I get the feeling that anyone who has ever liked Tom Cruise will enjoy Jack Reacher. It's like a mix-tape of everything good that Cruise has ever done. The movie itself even highlights this idea by tossing in elements from his old movies blended with those of his newer movies – for example, like the soon-to-be-deemed "classic" high-speed chase between a muscle car and a new performance car. His character is a quiet introspective guy who "wants to be left alone," but when his buttons are pushed, he becomes a quick-witted and mouthy antagonist, one who's very entertaining to watch. Get ready for a "Best-of" Tom Cruise that's engaging, intelligent, tense and fun.
Vital Disc Stats: The Ultra HD Blu-ray
Paramount Home Entertainment brings Jack Reacher to 4K Ultra HD Blu-ray as a two-disc combo pack with an UltraViolet Digital Copy, which unlocks a 4K UHD digital copy on services like iTunes and Vudu. The dual-layered UHD66 and Region-Free BD50 discs sit on opposing panels of a black, eco-vortex case with glossy slipcover. At startup, viewers are taken directly to a static screen with the usual selection along the bottom and music playing in the background.
A lone drifter cleans up the mean streets of a corrupted town in 4K Ultra HD Blu-ray with a gorgeous, near-reference HEVC H.265 encode that looks and feels every bit like watching the crime thriller all over again in cinemas. Originally shot on traditional 35mm film, which was later mastered to a 2K digital intermediate, the 2160p video delivers a noticeable step-up in terms of definition, revealing individual bricks and cracks on the sides of buildings even in extreme wide shots, many of which are quite stunning. Resolution is not always consistent, but on the whole, background information remains distinct in the many beautiful aerial shots of Pittsburgh's skyline and in several poorly-lit interiors of the homes. Every crease and faded crinkle in Reacher's leather jacket is detailed, every hair is razor sharp, and facial complexions come with lifelike textures that expose pores, wrinkles, and negligible blemishes. Very mild, easy-to-ignore aliasing rears its ugly head on a couple occasions, but for the most part, the 4K presentation is highly detailed and awash with a very fine layer of natural grain, giving it a beautiful film-like appearance that videophiles will love.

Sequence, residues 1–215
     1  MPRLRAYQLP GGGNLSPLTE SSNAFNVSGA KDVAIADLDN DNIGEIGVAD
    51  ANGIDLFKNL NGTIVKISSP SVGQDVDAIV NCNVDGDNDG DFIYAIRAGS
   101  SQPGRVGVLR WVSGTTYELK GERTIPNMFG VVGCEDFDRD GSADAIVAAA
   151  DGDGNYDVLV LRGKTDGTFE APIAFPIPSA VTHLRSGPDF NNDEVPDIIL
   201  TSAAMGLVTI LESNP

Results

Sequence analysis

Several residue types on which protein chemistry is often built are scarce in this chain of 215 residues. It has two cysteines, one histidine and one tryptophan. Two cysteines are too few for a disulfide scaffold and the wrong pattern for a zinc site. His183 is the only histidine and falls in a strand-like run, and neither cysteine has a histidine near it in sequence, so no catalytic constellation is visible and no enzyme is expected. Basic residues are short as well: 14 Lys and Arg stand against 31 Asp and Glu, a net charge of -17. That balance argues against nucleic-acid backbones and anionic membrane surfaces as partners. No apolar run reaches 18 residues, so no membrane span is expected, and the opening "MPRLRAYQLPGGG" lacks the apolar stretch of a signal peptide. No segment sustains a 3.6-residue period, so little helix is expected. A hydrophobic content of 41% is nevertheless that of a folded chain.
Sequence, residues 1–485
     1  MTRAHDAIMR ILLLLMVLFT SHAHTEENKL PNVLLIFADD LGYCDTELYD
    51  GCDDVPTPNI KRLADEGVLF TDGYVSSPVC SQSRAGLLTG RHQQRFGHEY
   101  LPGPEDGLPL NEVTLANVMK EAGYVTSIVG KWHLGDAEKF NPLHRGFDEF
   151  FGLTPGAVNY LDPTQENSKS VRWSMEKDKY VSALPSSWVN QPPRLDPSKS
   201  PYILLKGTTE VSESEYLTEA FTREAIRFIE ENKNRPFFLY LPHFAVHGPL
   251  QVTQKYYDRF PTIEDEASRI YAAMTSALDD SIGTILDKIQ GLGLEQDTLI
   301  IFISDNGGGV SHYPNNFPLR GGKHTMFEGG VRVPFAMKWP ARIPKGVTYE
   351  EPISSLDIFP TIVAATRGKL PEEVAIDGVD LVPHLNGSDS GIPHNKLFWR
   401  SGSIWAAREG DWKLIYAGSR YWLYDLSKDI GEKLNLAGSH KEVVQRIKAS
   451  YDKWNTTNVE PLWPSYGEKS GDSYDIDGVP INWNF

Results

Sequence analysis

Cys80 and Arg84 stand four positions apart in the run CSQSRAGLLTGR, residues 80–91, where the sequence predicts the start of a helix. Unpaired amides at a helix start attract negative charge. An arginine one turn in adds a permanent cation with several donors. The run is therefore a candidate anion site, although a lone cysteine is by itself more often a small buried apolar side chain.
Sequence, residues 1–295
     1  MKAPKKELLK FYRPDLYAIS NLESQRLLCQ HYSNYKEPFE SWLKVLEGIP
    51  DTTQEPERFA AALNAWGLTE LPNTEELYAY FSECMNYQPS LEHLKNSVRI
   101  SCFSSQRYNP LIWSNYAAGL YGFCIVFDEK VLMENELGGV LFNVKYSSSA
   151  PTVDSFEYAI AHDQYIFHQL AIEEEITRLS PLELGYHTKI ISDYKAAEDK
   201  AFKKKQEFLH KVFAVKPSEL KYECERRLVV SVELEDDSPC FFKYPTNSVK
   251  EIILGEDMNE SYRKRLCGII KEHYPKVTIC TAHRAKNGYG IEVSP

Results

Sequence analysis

Most apparent and immediate is the 2.35:1 image awash in rich, silky layers of blacks, starting with the opening sequence in the basement while James Barr prepares each bullet. When we move to the parking garage and PNC Park scene, viewers can plainly distinguish the gradational differences and details in the rifle, the sniper scope and in the clothing of each character while superb shadow delineation allows for plenty of visibility within the darkest corners of the frame. It's all balanced out with by improved contrast levels, providing each scene with crisp, sharp whites throughout. Remarkably tight and narrow specular highlights maintain exceptional clarity within the hottest areas and occasionally give daylight sequences that beautiful looking-out-the-window effect. The two best moments for demoing this marvelous Dolby Vision brightness and contrast balance is Reacher's street fight with the hired thugs and the climactic shootout at the quarry where the light from various sources glistens and radiates off watery surfaces with intensity and realism.